Demand for flex space on the rise in Germany

Demand for flexible workspace in Germany grew by 79 per cent in the first quarter of 2020 compared to Q1 2019, and by 20 per cent between Q2 and Q3 of this year, with the top eight cities, including Munich, Cologne and Leipzig, seeing 69 per cent of all flexible workspace demand during the first half of 2020. 

Although Berlin remains the flex capital of Germany with 26 per cent market share of all German enquiries, the gap between this market and the next tier is not as pronounced as in other European countries, and demand for flexible office space in other major cities remains strong.  

With around 1,000 flex space centres, Germany is now the third largest flex market in Europe, falling just slightly behind the UK and France. Flex space consists of co-working, serviced offices, and hybrid centres that offer both private offices and shared workspaces – in total, flex space amounts to over 196 million square feet of the EMEA office market. 
The findings come from The Instant Group’s latest report, Finding the Balance, which explores how Germany will be affected by the global shift to agile workplace solutions in the aftermath of the pandemic, as workers demand safer workspace and a work-life balance. As the largest flex space data aggregator, The Instant Group have utilised their analysts and regional experts, to provide breakthrough insights on the future of the German flex industry.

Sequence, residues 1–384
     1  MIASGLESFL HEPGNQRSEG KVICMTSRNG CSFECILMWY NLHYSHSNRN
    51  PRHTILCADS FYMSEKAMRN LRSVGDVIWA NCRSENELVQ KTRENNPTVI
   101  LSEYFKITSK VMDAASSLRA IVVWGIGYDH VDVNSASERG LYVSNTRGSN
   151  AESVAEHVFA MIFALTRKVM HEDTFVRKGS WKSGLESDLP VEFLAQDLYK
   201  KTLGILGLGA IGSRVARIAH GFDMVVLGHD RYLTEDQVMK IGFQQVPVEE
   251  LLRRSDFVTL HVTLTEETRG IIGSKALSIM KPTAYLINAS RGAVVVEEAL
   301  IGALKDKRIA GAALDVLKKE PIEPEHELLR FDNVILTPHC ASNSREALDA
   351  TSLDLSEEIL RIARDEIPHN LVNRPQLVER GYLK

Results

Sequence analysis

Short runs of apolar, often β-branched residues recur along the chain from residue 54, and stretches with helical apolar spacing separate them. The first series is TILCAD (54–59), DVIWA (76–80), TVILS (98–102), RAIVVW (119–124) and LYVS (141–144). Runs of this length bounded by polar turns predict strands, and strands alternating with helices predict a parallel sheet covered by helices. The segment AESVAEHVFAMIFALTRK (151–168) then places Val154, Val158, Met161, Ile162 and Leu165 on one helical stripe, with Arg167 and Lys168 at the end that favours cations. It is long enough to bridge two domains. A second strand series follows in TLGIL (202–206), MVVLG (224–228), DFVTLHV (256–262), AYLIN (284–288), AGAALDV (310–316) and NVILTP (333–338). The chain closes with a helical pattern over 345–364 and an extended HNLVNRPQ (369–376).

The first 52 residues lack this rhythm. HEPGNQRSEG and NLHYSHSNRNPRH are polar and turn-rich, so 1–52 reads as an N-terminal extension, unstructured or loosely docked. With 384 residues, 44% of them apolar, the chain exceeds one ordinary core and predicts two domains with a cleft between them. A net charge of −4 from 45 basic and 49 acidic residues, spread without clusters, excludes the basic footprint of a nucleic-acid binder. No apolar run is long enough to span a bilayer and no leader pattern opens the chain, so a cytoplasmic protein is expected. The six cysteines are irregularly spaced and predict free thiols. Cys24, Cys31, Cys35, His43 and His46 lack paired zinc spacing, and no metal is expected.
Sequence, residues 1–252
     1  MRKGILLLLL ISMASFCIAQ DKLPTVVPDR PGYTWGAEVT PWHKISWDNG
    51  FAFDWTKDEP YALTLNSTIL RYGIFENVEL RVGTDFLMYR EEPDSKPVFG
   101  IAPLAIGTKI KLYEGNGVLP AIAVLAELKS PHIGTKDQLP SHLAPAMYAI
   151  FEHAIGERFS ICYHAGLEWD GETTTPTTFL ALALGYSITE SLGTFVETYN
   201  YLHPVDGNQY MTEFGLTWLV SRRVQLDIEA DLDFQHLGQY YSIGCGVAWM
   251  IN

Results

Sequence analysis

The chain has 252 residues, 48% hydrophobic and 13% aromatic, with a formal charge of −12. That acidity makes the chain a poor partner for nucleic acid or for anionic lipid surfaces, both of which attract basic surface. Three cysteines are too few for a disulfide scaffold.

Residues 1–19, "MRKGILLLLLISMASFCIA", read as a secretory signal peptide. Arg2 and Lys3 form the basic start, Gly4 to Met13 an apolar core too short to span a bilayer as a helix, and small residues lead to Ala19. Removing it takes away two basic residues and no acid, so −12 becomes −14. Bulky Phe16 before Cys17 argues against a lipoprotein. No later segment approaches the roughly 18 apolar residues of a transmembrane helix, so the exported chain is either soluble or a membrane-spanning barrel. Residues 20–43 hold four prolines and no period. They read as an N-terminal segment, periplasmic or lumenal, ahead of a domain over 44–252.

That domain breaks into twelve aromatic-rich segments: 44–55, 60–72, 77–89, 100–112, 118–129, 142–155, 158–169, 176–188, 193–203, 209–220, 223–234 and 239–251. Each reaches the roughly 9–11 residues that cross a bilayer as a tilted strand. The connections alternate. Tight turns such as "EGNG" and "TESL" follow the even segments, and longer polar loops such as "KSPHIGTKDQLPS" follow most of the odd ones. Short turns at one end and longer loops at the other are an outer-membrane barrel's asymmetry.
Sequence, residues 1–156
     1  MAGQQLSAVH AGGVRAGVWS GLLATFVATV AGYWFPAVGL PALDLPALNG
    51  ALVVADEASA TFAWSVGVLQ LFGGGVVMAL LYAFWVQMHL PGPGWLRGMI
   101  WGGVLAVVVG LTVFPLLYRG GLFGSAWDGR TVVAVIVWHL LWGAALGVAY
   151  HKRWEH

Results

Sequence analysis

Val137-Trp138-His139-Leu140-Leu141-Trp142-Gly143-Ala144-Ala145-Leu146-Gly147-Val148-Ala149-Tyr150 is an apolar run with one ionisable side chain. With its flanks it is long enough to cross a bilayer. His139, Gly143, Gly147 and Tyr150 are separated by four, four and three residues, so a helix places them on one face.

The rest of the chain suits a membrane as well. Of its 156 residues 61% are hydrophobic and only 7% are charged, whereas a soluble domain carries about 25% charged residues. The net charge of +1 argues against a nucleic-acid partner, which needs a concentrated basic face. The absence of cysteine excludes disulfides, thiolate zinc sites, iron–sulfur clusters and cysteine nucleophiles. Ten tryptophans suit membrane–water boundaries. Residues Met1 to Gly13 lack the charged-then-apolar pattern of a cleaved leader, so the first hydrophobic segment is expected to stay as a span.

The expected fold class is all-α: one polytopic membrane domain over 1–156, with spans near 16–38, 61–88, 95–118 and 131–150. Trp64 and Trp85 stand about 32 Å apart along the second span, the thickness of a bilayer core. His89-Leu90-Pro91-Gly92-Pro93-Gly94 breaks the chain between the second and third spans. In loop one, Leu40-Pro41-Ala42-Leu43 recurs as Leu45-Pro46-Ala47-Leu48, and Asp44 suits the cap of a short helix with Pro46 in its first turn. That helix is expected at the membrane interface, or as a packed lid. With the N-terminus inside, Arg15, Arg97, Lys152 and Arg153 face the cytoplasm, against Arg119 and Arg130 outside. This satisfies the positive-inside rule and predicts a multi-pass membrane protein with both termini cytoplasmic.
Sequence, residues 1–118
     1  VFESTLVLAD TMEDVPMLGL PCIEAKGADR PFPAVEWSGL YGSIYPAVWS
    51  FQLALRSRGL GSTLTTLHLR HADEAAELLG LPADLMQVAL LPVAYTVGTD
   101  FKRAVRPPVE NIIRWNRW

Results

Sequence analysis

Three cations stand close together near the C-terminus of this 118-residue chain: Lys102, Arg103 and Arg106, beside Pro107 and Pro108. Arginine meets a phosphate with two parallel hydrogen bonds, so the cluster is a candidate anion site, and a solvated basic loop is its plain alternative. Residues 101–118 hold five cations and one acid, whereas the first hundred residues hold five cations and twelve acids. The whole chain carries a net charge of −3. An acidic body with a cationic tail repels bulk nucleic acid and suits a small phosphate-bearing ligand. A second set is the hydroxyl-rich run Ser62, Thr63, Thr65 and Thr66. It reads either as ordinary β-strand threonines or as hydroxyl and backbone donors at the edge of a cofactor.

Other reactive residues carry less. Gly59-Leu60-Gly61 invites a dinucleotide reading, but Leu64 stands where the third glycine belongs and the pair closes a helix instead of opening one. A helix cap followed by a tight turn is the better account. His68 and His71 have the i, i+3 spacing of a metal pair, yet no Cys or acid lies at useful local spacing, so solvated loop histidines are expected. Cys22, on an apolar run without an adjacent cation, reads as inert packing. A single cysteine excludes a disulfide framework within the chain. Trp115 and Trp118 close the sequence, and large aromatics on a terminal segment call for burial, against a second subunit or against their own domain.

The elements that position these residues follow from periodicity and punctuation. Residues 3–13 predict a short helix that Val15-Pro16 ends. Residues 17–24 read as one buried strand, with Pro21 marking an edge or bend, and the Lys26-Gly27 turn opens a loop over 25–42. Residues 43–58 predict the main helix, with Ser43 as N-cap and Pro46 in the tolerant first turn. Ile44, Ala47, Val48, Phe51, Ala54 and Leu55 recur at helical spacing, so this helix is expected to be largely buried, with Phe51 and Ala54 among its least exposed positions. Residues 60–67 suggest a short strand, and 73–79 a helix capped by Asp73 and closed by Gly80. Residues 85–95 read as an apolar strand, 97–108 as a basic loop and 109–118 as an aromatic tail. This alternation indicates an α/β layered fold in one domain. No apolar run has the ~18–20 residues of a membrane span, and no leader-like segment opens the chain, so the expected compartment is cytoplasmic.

A key strategy that businesses in Germany and beyond are now considering is the ‘Hub and Spoke’ model which provides employees with the option to work from home, a primary head office, an alternative flex location closer to home – or most likely, a combination of all three. The outcome of this is driving a rise in demand for regional and suburban workspaces.  
Florian Kappes, Instant’s Managing Director for Germany, notes: “Initial responses from businesses in Germany show that the Covid-19 crisis has, in fact, accelerated trends around the procurement and management of workspace. As workers start to return to the office, we are seeing a rise in the demand for secondary locations as employees are reluctant to commute long distances and are opting to stay closer to home to improve their work-life balance.”